I took the roasted turban squash out of the oven and broke it down into chunks to add to the curry, the soft sweet roasted flesh a perfect contrast for the spicy curry. I added broth to the curry as it cooked to get the right consistency, and used the rest for the rice. After adding the sliced cousa squash and dried apricots and letting the curry simmer so that the flavors combined, I adjusted the seasoning, with another pinch each of cinnamon and salt; fluffing the rice and stirring in the golden raisins, to serve alongside the curry. Then for a lovely dinner party:


Wednesday, January 11, 2012

Yemeni Dining

Now, Yemeni food, as you may have noticed, is not easy to find in the U.S., and I don't believe I've ever had it(!) before I was lucky enough to try it in Doha, Qatar. The Bandar Aden restaurant was tucked away on a side street of Al Waqif souq, a treasure to be found.

The traditional Yemeni meal is truly a dining experience: you sit on the floor; each dining party is provided with a private room carpeted with Oriental rugs and throw pillows on the floor, and you remove your shoes before entering the little room and sit on the ground, and they lay down a mat on the floor to place the food on, and you eat with your hands, using the bread to scoop up the food (similar to Ethiopian cuisine. Except the bread is soo much better ...)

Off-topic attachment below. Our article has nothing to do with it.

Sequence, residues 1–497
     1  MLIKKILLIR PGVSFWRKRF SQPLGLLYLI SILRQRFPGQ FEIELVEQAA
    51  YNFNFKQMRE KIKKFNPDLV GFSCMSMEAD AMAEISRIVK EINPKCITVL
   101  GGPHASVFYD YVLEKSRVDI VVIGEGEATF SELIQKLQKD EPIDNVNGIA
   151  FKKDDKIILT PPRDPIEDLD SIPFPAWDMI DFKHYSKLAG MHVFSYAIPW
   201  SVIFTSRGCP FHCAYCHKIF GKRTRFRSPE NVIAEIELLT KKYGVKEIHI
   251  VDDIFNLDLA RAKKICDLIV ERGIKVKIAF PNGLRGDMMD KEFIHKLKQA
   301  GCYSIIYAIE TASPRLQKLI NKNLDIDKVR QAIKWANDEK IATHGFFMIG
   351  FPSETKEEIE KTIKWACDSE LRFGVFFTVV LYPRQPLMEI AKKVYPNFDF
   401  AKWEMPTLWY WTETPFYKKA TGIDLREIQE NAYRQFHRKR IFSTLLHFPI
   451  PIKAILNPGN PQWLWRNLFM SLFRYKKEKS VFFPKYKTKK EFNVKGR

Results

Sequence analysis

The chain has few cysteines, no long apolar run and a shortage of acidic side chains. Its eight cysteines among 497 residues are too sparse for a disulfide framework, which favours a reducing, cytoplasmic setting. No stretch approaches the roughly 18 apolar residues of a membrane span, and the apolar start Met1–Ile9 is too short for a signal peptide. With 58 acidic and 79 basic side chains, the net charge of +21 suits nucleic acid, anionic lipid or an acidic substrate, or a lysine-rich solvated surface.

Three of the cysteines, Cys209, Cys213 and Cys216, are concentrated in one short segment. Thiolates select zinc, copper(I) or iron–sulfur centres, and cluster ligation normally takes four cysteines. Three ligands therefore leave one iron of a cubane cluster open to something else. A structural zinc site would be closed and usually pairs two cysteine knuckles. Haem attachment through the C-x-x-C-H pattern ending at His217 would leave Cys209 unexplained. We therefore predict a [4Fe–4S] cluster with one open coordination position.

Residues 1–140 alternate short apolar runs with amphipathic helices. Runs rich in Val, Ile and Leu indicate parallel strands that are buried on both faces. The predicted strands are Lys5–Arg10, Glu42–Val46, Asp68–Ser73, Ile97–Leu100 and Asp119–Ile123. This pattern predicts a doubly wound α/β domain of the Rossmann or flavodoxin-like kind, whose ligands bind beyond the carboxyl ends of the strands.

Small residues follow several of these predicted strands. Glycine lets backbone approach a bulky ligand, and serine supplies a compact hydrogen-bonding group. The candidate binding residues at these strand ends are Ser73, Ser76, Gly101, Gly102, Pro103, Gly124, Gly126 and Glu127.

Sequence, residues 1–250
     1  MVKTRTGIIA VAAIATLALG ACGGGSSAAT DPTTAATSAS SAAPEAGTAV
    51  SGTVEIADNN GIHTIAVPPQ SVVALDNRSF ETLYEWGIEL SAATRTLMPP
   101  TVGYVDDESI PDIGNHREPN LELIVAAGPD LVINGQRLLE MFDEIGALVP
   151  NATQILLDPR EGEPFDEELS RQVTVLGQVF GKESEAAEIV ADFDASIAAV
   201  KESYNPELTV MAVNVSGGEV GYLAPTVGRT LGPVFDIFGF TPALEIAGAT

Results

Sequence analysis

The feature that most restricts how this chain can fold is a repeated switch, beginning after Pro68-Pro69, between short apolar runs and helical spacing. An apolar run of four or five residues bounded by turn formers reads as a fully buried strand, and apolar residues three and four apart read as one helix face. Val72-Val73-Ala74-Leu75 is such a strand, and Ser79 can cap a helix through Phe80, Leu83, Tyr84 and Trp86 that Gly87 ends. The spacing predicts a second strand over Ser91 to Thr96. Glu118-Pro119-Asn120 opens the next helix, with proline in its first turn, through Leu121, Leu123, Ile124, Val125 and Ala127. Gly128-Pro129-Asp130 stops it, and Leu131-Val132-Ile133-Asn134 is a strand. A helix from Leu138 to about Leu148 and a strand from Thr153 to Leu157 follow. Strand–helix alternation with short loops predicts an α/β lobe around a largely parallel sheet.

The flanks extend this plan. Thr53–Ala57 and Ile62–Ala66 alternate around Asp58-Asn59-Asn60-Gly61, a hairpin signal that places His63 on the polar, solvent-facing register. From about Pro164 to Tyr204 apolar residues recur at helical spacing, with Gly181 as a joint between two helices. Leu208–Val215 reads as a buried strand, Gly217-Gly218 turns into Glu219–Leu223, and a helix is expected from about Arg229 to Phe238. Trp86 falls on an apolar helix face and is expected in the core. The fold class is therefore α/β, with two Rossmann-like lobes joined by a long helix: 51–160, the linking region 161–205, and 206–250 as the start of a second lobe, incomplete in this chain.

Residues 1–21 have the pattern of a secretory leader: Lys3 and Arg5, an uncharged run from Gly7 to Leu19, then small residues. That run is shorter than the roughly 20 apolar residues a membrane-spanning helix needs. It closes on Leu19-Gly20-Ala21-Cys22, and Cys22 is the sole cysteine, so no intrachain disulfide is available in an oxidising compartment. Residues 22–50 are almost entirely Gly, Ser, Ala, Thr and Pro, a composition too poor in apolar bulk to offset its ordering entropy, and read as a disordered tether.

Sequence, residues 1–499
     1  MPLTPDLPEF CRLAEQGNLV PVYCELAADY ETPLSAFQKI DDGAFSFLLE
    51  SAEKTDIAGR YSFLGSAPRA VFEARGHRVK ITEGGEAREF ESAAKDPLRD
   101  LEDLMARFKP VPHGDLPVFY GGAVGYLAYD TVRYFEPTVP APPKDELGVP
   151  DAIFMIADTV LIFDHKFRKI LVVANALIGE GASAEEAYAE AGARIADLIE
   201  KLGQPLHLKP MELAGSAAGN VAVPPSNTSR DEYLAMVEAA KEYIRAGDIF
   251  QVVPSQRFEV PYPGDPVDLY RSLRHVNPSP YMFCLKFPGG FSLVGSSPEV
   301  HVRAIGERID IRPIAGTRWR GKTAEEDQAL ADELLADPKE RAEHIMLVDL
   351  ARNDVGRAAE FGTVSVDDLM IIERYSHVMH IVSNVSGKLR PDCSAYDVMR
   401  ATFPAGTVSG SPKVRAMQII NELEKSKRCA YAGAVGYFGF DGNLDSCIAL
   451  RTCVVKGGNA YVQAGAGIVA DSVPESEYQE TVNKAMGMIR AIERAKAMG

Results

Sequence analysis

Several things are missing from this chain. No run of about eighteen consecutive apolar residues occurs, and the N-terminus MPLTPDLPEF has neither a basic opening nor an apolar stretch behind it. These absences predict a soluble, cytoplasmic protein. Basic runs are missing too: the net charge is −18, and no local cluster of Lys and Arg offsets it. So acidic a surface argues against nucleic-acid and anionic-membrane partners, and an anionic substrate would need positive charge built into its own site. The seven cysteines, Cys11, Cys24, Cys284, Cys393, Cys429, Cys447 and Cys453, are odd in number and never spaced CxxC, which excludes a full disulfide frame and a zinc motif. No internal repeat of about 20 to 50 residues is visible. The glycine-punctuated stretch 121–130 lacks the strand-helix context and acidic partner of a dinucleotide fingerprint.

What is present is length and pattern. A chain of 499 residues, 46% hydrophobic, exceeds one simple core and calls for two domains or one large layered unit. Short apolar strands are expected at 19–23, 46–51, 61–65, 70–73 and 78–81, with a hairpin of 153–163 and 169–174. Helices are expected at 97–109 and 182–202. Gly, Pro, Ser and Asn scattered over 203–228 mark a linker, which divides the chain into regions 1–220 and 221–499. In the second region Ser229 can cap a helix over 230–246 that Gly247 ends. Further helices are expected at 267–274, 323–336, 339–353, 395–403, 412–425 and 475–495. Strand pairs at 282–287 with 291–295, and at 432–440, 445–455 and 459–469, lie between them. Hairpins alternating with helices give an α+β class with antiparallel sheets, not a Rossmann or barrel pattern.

The meal began with a bowl of warm broth for each diner, followed by a salad of fresh greens drizzled with a yogurt sauce topped with black sesame seeds, and then stewed meats and vegetables and a massive puff of bread, which practically exploded when they set it down with a flourish as the centerpiece to our dinner. The bread has almost a puffed pastry-like consistency, with crispy edges resembling phyllo and a soft, chewier center, topped with a golden-brown layer of cracking deliciousness dotted with sesame seeds.